Sanctions or any legal maneuvers have been strictly enforced against companies or people who do not protect the environment, Hadi said.
“We continuously take legal moves and also coordinate with the police,” he said. “And we hope the local and international trade also support this effort by not accepting noncertified wood.”
Activists, though, want more urgent action to preserve forests for their fauna and for animals to live in their natural habitats. An orangutan died from burns in West Kalimantan in late August when villagers tried to drive it out of a plantation area because of a lack of understanding in cohabitation between animals and humans in fringe areas.
“Illegal logging is one of the biggest problems we have in Indonesia,” said Dannissa Aryani, an environmental activist and member of the Greenweb Indonesia community.
“It’s making animals lose their shelter. In the end, they will die of hunger, some of them dead at the hands of people themselves,” Dannissa said. “Talking about the budget to save our nature, I think the budget will never be sufficient. With or without other countries, we still need to work on it.”
Greenpeace says on its website that it is campaigning for an immediate moratorium on forest and peatland destruction in Indonesia, and for zero deforestation by 2015. USAID is also working with the Indonesian government to help reduce by half greenhouse gas emissions and also to reduce by 50 percent the rate of forest degradation.
At the recent 18th United Nations Framework Convention on Climate Change in Doha, one of the important issues discussed was the adaptation to climate change.
Ari Muhammad, Indonesian program coordinator for Climate Change Adaptation, an NGO, said the Indonesian delegation hoped that it could reach a deal on steps that could be quickly implemented like financing, technology transfer and capacity development. He hoped the plan would be implemented in three years.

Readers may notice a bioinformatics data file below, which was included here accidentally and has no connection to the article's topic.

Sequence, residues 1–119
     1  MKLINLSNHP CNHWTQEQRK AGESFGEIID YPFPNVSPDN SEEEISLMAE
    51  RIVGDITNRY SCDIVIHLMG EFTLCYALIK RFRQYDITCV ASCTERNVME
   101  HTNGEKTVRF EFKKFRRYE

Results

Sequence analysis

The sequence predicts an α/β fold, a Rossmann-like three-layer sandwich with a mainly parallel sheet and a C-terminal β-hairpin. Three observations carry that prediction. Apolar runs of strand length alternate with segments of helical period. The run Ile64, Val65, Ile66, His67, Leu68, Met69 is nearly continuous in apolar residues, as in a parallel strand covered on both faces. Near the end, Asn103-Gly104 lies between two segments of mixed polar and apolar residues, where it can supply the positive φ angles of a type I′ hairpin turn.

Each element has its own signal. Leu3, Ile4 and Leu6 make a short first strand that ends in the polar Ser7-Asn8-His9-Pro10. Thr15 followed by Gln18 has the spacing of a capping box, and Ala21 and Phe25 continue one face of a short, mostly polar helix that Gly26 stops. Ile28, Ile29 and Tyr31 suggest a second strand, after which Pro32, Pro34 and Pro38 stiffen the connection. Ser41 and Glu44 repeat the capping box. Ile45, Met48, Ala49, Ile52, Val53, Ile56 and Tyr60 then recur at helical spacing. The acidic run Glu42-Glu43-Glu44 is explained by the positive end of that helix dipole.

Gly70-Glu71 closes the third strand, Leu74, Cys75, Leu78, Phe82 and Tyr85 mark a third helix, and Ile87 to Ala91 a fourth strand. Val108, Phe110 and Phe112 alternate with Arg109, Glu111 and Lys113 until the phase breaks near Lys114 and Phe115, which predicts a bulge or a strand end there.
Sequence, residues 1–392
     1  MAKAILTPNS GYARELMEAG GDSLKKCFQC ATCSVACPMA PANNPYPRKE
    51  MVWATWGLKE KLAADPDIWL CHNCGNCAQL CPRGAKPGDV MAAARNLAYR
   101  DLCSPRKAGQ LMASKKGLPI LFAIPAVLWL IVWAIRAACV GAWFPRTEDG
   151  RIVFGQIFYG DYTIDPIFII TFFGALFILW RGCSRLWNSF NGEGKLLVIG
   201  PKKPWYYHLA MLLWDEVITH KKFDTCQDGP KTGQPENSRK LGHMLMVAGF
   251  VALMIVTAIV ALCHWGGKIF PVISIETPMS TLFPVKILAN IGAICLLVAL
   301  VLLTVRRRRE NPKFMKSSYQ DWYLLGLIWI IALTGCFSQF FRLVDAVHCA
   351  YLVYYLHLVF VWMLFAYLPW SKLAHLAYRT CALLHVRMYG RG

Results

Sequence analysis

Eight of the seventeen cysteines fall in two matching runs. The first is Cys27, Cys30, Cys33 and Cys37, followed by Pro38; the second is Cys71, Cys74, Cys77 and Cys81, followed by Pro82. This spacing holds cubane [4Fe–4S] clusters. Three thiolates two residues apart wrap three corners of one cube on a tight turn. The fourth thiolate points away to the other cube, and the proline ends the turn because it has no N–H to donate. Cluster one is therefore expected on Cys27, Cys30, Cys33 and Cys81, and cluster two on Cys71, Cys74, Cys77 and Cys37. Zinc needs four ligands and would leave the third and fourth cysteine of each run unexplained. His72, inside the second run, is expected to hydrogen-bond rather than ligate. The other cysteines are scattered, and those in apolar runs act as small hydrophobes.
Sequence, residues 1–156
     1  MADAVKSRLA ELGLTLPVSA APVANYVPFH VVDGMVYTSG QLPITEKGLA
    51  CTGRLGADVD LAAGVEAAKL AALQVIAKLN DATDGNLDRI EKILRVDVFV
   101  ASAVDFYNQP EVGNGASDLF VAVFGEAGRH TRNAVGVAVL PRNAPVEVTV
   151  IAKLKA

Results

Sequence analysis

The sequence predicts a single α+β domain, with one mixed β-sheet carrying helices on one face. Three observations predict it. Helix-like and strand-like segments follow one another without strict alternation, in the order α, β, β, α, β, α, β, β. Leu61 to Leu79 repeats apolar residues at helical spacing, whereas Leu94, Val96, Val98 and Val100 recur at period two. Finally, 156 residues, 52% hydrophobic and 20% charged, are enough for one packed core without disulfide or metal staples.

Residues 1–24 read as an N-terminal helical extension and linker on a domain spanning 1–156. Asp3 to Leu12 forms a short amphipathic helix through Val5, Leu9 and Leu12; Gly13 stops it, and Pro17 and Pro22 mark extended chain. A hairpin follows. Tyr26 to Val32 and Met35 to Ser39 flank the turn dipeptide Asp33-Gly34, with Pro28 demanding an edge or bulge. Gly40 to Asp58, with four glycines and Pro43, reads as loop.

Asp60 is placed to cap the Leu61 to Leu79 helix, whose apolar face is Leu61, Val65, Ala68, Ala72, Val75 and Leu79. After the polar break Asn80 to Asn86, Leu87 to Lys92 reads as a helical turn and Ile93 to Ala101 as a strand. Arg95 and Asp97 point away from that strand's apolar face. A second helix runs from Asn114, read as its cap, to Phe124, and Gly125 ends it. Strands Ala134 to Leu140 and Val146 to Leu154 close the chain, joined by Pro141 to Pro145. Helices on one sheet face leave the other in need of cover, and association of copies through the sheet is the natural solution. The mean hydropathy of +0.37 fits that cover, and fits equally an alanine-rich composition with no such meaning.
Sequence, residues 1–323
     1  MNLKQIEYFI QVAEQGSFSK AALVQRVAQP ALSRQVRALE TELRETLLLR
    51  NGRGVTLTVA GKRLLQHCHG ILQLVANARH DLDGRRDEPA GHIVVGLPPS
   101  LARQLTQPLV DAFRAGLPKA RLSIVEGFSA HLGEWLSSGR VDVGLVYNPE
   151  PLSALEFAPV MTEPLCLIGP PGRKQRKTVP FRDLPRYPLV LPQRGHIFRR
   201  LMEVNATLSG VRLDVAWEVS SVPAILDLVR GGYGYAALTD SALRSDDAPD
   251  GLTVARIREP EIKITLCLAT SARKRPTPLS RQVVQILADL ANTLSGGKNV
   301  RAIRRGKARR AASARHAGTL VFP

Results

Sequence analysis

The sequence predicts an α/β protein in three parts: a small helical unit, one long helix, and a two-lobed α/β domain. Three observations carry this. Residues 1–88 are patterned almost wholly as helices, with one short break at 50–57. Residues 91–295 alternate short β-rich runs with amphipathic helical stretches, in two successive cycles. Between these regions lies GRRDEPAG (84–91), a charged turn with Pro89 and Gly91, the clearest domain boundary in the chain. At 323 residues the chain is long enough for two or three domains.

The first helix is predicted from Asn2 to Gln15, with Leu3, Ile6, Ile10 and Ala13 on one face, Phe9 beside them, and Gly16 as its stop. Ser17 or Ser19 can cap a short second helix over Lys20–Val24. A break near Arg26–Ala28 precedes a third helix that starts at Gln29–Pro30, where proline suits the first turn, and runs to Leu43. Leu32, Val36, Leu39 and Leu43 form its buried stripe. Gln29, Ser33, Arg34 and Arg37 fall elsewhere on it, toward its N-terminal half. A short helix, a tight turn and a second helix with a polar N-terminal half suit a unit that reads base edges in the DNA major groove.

A report released on Friday by Climate Action Tracker, which tracks global warming, showed that Indonesia received a medium rating for its efforts in reducing greenhouse gas emissions.
Norway is trying to lead by example in reducing air pollution. The nation of about five million people says it gets all of its electricity from water generation and is investing in other forms of renewable energy as it pledges to reduce its carbon emissions by 40 percent by 2020.
NASA said in a January report that the carbon dioxide level in the atmosphere exceeded 390 parts per million and would continue to rise. In 1880, when global temperatures were first recorded, it was about 285 parts per million, and by 1960, the average concentration had risen to about 315 parts per million, NASA said.
Norway is also appealing for both rich and poor nations to become involved in the fight as it strives to limit the increase in the global average surface temperature — which currently stands at 15 degrees Celsius — to a maximum of 2 degrees Celsius.
NASA estimated that net global warming was about 0.4 degree Celsius between the 1880s and 1970s and expected temperatures to rise even further. The US agency estimated that 2011 was the ninth warmest year in data going back to 1880, but that nine of the 10 warmest years were in the 21st century.
“The US has to be on board, China has to be on board, the rest of the world has to be on board and then we can have a framework to efficiently, on a global scale, reach the 2 degree goal,” Norwegian Trade Minister Giske said.
“We believe that’s still possible, but we’re running out of time. Thus, it also has to be said that the systems of spending the Norwegian money on preserving the rainforest is put in place, because we think that prosperous agricultural activities, prosperous legal use of good logging, prosperous industries can be combined with stopping climate change.”